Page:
The biggest mistake that people make when negotiating parenting
arrangements is that they allow their own anger and hurt to cloud
their judgment as to what parenting arrangements would be in the
best interests of their children.
Best interests of the child
The Family Law Act 1975 (Cth) stipulates that the best
interests of the child are the paramount consideration when
deciding on any parenting orders. When considering this, in most
cases, parents should consider an arrangement which promotes
stability and regularity for the children and allows them to
maintain a relationship with both parents.
Importance of children's interests
In 2006 the Family Law Act 1975 (Cth) was changed and
one of the important changes was to strengthen the importance of
children's interests. It sets out clearly that children have a
A meaningful relationship with both parents
Be protected from abuse, neglect and family violence
Receive adequate and proper parenting to help them achieve
their full potential
Know and be cared for by both parents
Spend time with and communicate with both parents and any other
significant people such as grandparents and other relatives
Receive the support and encouragement necessary to maintain a
connection with their culture
Time with each parent
There is a misconception about the changes to the Family Law
Act 1975 (Cth) and the concepts of shared time and substantial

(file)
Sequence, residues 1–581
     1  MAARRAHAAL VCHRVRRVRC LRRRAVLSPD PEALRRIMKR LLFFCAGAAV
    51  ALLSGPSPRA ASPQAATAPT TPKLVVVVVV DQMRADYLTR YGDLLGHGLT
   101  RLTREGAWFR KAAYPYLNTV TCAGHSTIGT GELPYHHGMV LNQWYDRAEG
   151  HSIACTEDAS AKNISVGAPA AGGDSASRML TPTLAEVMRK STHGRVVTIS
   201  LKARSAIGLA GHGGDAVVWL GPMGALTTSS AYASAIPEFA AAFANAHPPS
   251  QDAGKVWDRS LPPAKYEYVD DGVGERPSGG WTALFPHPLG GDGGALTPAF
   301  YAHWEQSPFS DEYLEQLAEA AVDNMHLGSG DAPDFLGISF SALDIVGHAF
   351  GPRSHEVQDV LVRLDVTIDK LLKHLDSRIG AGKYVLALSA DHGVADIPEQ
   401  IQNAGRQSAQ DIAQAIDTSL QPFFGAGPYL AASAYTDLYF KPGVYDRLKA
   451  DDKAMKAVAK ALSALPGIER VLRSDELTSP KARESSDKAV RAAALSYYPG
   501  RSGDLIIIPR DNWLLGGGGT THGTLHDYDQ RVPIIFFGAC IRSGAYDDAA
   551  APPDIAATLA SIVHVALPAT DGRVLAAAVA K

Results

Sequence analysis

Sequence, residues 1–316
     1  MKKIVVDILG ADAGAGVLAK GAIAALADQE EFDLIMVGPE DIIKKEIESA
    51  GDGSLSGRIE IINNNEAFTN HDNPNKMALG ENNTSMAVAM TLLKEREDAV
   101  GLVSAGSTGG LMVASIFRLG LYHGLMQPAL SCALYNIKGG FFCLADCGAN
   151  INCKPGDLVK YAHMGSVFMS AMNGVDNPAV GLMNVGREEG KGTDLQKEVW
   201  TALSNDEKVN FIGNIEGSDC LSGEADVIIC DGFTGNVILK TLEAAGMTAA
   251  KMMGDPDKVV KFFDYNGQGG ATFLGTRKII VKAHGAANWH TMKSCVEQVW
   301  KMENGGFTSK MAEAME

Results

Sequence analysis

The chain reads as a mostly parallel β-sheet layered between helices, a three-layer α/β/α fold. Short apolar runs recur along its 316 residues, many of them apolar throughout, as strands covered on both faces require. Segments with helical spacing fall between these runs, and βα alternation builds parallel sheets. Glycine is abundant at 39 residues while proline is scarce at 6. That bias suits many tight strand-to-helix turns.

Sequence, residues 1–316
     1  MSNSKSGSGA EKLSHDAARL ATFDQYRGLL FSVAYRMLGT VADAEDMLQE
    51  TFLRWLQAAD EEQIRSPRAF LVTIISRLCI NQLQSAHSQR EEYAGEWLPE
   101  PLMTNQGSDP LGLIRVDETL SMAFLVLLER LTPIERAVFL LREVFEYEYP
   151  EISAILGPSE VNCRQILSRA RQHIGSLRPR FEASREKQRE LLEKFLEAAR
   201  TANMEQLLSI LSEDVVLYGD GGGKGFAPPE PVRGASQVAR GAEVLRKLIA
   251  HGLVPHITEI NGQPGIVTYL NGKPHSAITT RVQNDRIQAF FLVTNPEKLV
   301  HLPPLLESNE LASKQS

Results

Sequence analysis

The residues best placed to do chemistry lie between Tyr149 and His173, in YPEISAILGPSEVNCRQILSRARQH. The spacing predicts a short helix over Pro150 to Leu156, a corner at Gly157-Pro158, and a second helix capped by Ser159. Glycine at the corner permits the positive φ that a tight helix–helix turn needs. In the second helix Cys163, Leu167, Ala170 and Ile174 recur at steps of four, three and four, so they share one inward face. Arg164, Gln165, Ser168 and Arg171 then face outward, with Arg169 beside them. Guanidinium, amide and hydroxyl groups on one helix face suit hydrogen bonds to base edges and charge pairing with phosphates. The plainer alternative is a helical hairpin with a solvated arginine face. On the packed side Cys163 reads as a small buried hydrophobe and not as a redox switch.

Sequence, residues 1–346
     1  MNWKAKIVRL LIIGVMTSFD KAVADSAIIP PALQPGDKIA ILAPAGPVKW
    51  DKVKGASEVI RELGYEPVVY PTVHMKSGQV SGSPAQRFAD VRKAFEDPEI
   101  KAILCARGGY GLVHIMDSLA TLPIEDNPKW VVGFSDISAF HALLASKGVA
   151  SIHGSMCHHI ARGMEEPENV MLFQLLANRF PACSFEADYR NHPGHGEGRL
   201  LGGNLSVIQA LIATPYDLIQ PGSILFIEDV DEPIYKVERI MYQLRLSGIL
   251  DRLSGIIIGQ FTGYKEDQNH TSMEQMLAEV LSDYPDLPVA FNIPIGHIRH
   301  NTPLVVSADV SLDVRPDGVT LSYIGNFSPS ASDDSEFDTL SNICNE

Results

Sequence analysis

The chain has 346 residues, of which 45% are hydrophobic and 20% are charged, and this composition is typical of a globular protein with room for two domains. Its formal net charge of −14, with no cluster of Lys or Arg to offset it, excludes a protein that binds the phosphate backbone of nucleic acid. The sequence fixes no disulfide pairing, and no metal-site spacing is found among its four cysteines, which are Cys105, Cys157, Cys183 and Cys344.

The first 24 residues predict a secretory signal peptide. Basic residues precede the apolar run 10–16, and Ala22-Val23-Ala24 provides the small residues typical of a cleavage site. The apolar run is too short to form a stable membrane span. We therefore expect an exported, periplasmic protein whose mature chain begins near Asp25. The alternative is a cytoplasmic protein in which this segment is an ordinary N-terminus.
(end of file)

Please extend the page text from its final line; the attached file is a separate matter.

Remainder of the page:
and significant time. The Family Law Act 1975 (Cth) does
not require that children spend the same amount of time with each
parent. The important thing is that parents have an arrangement
which promotes the best interests of their particular children,
keeping in mind that each child is different. This may mean the
same amount of time with each parent or something different.
Determining the child's best interests
What will be in the best interests of a child would be
determined by their personality, age, activities and health,
amongst other things. Usually it is the parents who are best able
to decide what the best parenting arrangements for their children
are. To do this the parents must be able to look past their own
needs and hurt feelings.
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The content of this article is intended to provide a general
guide to the subject matter. Specialist advice should be sought
about your specific circumstances.
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